City of Baltimore Will Launch Online Database to Track Police Brutality

The City of Baltimore recently came under fire after The Baltimore Sun conducted a six-month investigation that uncovered the fact that, unbeknownst to most of its bureaucrats and politicians, the city has paid $5.7 million in police misconduct and brutality settlements over the past three years. The situation reached a boiling point after video, seen in the above-embedded player provided by WMAR-TV, emerged showing a police officer brutally beating a suspect for what seems to be no apparent reason. The controversy sparked an investigation by the United States Department of Justice, and city leaders have been scrambling to put together a series of reforms in an effort to tone down Baltimore Police Department’s violent reputation.

As a first step, the City of Baltimore will provide an online database to track the results of police misconduct lawsuits, mainly so that city officials will have a way to determine if specific officers are facing multiple complaints. City Solicitor George Nilson told The Baltimore Sun that the new system will allow city officials to identify which cops need additional training. The database will list all settlements, no matter the size, so that smaller payouts below the $25,000 mark requiring a signature by the mayor’s office will still be noticed by authorities.

Said Baltimore Mayor Stephanie Rawlings-Blake about the new policy, “I was really perplexed that so many elected officials said they had no idea the city has been making these settlements. I want to make sure the public and elected officials have this information. Now there’s no excuse for not knowing.” Mayor Rawlings-Blake announced last month that the city would be hiring more Internal Affairs officers to hold police accountable and initiating a study on body cameras. She also granted Police Commissioner Anthony W. Batts more power to crack down on corrupt cops.

According to CBS DC, the Baltimore City Council will vote next week on a bill that would require all city police officers to wear body cameras. However, citing legal issues, Mayor Rawlings-Blake said she will likely veto the bill. She told The Baltimore Sun, “I would rather be thoughtful and right than fast and wrong… The worst thing we can do … is to roll out a program that hasn’t been thought through, and unfortunately we are dangerously close to doing that now.”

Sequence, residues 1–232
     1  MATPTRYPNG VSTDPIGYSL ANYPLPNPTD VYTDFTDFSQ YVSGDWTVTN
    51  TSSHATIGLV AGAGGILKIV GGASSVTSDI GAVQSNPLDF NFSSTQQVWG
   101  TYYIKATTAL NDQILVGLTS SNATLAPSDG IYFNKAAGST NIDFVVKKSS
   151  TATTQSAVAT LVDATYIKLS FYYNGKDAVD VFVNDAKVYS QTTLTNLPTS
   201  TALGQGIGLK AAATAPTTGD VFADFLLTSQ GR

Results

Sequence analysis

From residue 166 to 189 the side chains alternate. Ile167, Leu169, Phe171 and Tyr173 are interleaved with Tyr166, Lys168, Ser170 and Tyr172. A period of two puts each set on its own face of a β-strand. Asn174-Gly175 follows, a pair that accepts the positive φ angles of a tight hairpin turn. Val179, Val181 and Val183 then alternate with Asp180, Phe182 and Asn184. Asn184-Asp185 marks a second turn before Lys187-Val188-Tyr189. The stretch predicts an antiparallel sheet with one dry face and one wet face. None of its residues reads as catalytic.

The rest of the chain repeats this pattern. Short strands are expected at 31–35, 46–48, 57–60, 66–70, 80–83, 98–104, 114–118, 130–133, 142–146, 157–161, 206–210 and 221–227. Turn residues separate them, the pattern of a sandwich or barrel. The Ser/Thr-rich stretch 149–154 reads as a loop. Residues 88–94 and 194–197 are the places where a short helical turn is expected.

She wants the Baltimore City Council to wait for the conclusion of her study on body cameras before writing and passing a bill, but claims that she does approve of implementing them. Said Mayor Rawlings-Blake, “I am 100 percent in support of police body cameras. And residents should know that no matter what happens during the City Council process, the city is going to have body cameras.” However, she feels that the current bill, which requires all police officers to wear body cameras, goes too far. “If I’m an officer working in the evidence control room, I need to wear a body camera?” she asked.

Baltimore City Council President Bernard C. Young dismissed Mayor Rawlings-Blake’s argument that the body camera bill is poorly and unlawfully worded, telling CBS Baltimore, “Absolutely not… It’s all in interpretation. It’s all political BS.”

As a part of the police reforms, officials will consider changes to the city’s controversial non-disclosure policy on police misconduct settlements, as victims are required to sign non-disclosure agreements that infringe on their freedom to speak about what happened to them. Those who speak out risk losing a large portion of their settlement. Opponents of this policy claim that it helps the city cover up abuses while infringing on the rights of those victimized by police brutality or misconduct.